Beat Boredom Because It’s Bad for Your Health

It’s been said that “idle hands are the devil’s tool” and quite frankly, it’s true. And if you’re recently retired, or just flat-out bored, you know exactly what I’m talking about.

Boredom might not appear like a health risk at first glance. But it’s sneaky—just like the devil, and could contribute to high cholesterol, elevated blood pressure, mood troubles, and more.

How can this be? Pretty easy, actually. When you’re bored, bad things just sort of happen.

For example, boredom leads to snacking—mindless, unstoppable snacking that all has to do with a neurotransmitter in your head called dopamine. When you’re bored, you’re not really thinking about much and your brain is in need of something to make it feel a bit better.

The snack provides a fleeting hit of dopamine to perk you up. Unfortunately, it’s only a short matter of time before you need another hit. And let’s be real, no one is grabbing grapes for that. They’re hitting chips, candies, and other foods that promote inflammation, high cholesterol, and weight gain.

Boredom can also result in a heck of a lot of sitting. And we all know that too much sitting has a major influence on blood pressure, mortality, mobility, pain, and chronic illness.

If you’re recently retired, boredom can also put you in a bad mood. The fact that you might not be sure what to do with your time, or finding something else to pursue, may lead to feelings of decreased value. It can be a challenging adjustment period.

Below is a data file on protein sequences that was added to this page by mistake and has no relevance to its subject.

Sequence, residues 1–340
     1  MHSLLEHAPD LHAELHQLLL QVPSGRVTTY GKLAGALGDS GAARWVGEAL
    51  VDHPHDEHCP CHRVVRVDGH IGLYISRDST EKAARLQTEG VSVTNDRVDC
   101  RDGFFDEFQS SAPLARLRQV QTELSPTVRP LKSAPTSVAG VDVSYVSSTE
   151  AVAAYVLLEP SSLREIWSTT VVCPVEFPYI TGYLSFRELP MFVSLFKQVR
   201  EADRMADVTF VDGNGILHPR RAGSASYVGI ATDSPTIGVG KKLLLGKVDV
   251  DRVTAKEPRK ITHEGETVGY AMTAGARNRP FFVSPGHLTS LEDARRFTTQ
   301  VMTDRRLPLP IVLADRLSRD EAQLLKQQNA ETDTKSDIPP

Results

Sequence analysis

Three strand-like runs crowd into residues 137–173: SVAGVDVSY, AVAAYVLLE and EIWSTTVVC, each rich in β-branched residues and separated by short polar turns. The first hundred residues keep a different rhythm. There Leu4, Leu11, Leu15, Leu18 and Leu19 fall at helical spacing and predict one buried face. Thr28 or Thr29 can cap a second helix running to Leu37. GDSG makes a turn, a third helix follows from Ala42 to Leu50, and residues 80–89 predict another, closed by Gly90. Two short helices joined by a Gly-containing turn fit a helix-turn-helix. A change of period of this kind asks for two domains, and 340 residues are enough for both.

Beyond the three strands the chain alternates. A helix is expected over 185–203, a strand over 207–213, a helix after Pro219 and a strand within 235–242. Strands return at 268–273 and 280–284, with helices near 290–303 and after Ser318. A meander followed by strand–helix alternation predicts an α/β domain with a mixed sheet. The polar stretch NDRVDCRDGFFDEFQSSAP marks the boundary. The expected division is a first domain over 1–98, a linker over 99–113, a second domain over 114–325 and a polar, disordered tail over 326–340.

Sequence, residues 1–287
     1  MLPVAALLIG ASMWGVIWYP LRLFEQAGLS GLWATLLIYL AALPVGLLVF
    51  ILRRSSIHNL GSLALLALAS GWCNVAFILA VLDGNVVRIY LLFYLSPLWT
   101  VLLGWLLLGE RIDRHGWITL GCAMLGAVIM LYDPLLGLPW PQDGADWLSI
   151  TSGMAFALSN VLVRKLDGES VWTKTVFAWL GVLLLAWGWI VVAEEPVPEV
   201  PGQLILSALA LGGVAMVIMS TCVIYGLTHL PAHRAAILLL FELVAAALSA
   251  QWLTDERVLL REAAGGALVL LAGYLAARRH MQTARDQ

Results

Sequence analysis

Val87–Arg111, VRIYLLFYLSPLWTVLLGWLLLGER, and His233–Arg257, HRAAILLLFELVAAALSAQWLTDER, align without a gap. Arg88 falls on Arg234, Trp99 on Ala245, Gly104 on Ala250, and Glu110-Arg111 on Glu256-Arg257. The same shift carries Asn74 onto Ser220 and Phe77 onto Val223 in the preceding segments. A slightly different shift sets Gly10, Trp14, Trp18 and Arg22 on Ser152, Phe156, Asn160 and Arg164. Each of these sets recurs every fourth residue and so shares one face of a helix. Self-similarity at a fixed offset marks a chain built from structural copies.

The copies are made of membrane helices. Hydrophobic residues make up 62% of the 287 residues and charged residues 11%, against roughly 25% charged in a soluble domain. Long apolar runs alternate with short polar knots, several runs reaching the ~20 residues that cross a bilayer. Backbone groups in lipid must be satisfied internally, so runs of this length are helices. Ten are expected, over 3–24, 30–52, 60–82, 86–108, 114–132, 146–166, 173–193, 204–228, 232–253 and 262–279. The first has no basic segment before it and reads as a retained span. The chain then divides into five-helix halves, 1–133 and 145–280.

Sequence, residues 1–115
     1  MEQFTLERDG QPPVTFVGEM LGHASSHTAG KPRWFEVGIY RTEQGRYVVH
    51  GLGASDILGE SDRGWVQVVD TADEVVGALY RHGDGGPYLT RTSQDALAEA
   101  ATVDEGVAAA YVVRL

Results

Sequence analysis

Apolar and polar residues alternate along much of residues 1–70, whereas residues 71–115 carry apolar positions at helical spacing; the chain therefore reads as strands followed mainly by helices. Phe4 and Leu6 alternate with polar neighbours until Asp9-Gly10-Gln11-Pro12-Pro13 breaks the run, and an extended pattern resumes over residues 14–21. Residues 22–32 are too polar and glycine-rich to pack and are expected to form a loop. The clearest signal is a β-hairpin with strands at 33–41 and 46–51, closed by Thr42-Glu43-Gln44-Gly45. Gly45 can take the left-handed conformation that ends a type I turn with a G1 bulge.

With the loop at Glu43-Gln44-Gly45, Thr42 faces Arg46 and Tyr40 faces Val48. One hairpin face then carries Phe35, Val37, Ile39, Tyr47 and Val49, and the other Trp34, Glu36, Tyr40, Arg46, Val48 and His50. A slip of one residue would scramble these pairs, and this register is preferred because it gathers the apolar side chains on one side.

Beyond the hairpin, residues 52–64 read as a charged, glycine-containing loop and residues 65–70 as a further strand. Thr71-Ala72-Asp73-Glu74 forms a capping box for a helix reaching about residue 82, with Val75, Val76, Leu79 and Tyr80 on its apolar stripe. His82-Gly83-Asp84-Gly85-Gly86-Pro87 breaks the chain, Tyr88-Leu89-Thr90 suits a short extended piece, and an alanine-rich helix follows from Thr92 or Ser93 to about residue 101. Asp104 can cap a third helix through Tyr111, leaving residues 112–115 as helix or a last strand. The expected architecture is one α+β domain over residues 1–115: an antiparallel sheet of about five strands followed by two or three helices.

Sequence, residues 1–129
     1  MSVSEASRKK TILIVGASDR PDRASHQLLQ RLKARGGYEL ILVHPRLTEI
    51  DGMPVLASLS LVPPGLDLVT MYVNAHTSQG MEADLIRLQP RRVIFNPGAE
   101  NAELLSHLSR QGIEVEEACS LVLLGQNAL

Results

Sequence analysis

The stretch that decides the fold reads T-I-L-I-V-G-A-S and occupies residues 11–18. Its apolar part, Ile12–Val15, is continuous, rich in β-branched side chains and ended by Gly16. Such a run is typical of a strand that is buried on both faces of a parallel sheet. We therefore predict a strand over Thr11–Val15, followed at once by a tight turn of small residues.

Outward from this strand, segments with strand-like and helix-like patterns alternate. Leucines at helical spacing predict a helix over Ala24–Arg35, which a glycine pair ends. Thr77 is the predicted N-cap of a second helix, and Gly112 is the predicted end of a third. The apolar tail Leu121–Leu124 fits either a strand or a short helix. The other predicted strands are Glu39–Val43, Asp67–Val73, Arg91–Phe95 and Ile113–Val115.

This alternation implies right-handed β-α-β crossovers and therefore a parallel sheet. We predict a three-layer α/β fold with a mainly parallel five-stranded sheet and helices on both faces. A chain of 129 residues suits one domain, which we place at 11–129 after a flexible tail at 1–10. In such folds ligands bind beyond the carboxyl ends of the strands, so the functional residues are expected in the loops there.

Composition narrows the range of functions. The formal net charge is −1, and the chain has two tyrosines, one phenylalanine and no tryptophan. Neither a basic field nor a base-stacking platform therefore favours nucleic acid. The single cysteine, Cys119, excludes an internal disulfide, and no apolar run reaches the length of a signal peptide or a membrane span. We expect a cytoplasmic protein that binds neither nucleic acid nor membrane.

But here’s some light—boredom is not always a bad thing. Sitting with your thoughts is good—it allows for thinking, reflection, and recollection. Your smartphone is not always your friend and you don’t need to be constantly engaged—you’ve earned a bit of rest.

That can only account for so much time, however. The other cure for boredom is curiosity. Stimulating your mind, getting out and doing things, and finding various activities, topics, or knowledge to pursue can all promote healthy habits to limit the dangerous impacts of boredom. Getting a part-time job, taking a class, or joining a club can help. So can building model cars!

Snacks and smartphones aren’t the only way to access your dopamine drip. Curiosity can help keep boredom at bay and improve your chances of a healthy future.


Author Bio

Devon Andre has been involved in the health and dietary supplement industry for a number of years. Devon has written extensively for Bel Marra Health. He has a Bachelor of Forensic Science from the University of Windsor, and went on to complete a Juris Doctor from the University of Pittsburgh. Devon is keenly aware of trends and new developments in the area of health and wellness. He embraces an active lifestyle combining diet, exercise and healthy choices. By working to inform readers of the options available to them, he hopes to improve their health and quality of life.

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https://www.bbc.com/future/article/20141218-why-boredom-is-good-for-you

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